Onslowe History, Family Crest & Coats of Arms
The ancestry of the name Onslowe dates from the ancient Anglo-Saxon culture of Britain. It comes from when the family lived in the settlement of Onslow in the county of Shropshire. The surname Onslowe belongs to the large category of Anglo-Saxon habitation names, which are derived from pre-existing names for towns, villages, parishes, or farmsteads.
Early Origins of the Onslowe family
The surname Onslowe was first found in Shropshire at Onslow, where the family went "as far back as the time of Richard I., and probably much earlier. The first recorded ancestor is John de Ondeslowe, whose grandson, Waring, was father of 'Roger de Ondelsowe, juxta Shresbury,' whose son Thomas was living in the twelve [year] of Edward II, 1318." 
Early History of the Onslowe family
This web page shows only a small excerpt of our Onslowe research. Another 170 words (12 lines of text) covering the years 1086, 1571, 1641, 1660, 1801, 1601, 1664, 1628, 1664, 1622, 1688, 1641, 1685, 1642, 1721, 1654, 1717, 1708, 1710, 1714 and 1715 are included under the topic Early Onslowe History in all our PDF Extended History products and printed products wherever possible.
Onslowe Spelling Variations
Spelling variations in names were a common occurrence before English spelling was standardized a few hundred years ago. In the Middle Ages, even the literate spelled their names differently as the English language incorporated elements of French, Latin, and other European languages. Many variations of the name Onslowe have been found, including Onslow, Onsley and others.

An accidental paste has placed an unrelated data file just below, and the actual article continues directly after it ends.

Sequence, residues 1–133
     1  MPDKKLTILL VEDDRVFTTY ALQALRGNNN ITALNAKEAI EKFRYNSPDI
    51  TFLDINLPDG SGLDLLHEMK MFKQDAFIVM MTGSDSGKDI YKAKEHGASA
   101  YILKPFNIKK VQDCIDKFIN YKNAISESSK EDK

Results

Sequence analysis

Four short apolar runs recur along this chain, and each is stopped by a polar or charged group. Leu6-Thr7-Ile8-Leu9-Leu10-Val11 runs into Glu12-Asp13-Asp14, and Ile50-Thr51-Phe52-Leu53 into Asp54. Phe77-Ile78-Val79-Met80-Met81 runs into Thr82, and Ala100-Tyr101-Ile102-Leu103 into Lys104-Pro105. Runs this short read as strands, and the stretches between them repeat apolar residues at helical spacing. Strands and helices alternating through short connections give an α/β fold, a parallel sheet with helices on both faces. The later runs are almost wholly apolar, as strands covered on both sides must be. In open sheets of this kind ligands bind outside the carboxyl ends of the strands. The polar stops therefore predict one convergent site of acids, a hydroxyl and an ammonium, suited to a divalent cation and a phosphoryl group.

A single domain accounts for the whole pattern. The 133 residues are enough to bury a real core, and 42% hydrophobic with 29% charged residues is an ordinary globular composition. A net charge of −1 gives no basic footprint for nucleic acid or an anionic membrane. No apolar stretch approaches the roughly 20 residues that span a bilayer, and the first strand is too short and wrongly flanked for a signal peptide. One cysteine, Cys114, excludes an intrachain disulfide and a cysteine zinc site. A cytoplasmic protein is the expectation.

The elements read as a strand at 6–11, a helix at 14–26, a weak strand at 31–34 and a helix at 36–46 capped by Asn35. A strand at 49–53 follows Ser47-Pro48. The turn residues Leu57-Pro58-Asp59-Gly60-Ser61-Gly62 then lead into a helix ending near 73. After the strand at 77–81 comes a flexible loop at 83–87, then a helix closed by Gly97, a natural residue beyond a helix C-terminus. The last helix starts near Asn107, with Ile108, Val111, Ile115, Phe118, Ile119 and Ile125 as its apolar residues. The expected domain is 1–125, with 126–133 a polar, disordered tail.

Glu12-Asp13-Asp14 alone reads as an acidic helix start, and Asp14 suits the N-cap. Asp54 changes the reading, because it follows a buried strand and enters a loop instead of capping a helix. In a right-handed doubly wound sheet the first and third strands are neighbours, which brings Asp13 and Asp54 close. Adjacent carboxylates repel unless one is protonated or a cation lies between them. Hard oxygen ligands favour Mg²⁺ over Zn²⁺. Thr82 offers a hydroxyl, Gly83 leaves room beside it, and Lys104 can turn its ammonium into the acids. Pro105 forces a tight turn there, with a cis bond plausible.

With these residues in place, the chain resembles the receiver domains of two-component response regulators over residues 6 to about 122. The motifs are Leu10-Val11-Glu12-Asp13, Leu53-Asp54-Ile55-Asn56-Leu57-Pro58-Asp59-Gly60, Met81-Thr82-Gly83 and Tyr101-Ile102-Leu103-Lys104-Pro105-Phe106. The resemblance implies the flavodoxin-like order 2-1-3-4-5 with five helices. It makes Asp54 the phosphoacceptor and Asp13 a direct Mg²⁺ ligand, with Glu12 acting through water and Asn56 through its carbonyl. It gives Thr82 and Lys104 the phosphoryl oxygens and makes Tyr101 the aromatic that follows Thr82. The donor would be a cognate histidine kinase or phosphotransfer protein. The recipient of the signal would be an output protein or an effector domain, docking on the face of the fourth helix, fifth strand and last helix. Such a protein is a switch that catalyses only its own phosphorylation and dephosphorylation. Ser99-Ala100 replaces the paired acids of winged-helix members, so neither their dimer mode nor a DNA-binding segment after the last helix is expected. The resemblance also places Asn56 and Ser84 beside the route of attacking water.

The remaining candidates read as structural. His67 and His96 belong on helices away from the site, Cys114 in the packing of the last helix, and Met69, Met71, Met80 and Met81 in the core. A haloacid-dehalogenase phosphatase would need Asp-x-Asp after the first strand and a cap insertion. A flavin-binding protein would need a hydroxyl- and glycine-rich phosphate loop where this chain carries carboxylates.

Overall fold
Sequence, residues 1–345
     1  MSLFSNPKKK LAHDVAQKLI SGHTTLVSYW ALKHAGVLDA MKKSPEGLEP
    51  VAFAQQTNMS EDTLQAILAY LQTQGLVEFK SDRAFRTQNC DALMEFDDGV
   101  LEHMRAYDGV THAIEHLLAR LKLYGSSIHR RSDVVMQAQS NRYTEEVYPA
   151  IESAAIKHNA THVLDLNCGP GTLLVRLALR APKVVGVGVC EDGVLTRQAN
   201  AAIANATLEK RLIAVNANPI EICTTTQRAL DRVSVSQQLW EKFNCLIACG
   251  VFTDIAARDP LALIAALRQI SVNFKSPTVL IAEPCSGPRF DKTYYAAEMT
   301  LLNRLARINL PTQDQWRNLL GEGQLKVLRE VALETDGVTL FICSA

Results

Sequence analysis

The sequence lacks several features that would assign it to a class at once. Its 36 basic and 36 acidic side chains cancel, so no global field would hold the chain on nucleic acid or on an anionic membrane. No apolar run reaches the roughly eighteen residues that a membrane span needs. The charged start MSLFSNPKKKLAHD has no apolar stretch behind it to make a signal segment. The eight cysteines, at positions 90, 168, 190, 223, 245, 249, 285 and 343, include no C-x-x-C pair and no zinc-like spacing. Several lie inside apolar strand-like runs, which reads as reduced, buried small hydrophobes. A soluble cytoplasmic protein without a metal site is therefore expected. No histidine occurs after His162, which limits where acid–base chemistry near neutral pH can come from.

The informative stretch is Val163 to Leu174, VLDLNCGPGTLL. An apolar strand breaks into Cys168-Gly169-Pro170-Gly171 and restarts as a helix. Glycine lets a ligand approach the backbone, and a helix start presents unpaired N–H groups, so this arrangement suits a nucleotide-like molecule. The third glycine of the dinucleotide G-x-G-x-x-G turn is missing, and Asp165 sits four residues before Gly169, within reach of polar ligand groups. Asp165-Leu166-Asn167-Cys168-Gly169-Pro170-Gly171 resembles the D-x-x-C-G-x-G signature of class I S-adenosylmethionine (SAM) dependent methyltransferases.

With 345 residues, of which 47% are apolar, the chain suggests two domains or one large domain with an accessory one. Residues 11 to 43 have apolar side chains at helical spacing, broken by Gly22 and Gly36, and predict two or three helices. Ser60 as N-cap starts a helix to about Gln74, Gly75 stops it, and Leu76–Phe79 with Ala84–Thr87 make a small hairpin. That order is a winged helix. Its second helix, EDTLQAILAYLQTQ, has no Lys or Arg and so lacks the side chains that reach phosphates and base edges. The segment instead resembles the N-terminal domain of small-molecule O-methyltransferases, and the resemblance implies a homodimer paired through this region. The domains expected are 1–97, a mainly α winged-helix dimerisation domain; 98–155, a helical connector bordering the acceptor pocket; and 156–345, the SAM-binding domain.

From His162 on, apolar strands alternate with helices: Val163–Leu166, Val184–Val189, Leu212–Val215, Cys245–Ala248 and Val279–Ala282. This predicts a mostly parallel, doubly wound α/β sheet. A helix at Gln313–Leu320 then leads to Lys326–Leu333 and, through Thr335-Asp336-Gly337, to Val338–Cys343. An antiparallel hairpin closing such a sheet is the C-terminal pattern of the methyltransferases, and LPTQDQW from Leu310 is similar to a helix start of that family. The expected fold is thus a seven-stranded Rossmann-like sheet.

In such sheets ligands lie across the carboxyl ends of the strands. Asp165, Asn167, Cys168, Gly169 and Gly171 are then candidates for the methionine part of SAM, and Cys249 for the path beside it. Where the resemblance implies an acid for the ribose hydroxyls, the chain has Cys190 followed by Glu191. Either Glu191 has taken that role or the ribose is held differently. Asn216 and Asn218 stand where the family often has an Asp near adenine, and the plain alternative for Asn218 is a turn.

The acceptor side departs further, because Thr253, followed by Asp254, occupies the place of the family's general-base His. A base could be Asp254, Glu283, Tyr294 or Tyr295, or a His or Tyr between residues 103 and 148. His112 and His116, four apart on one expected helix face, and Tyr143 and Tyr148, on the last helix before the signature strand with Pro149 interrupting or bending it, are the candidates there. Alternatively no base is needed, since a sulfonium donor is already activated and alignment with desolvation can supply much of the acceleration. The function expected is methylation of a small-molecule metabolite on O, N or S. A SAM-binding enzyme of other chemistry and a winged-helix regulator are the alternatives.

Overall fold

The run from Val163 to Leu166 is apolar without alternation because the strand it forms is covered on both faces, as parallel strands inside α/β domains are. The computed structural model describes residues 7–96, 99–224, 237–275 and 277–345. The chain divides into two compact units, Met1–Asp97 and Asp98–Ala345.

Early Notables of the Onslowe family (pre 1700)
Notables of this surname at this time include: Sir Richard Onslow (1601-1664), an English politician who sat in the House of Commons between 1628 and 1664, he fought on the Parliamentary side during the English Civil War; and his second son, Sir Arthur Onslow, 1st Baronet (1622-1688), an English politician who...
Migration of the Onslowe family
Families began migrating abroad in enormous numbers because of the political and religious discontent in England. Often faced with persecution and starvation in England, the possibilities of the New World attracted many English people. Although the ocean trips took many lives, those who did get to North America were instrumental in building the necessary groundwork for what would become for new powerful nations. Some of the first immigrants to cross the Atlantic and come to North America bore the name Onslowe, or a variant listed above: Charles Onslow settled in New York State in 1728.
The motto was originally a war cry or slogan. Mottoes first began to be shown with arms in the 14th and 15th centuries, but were not in general use until the 17th century. Thus the oldest coats of arms generally do not include a motto. Mottoes seldom form part of the grant of arms: Under most heraldic authorities, a motto is an optional component of the coat of arms, and can be added to or changed at will; many families have chosen not to display a motto.
Motto: Festina lente
Motto Translation: Be quick without impetuosity.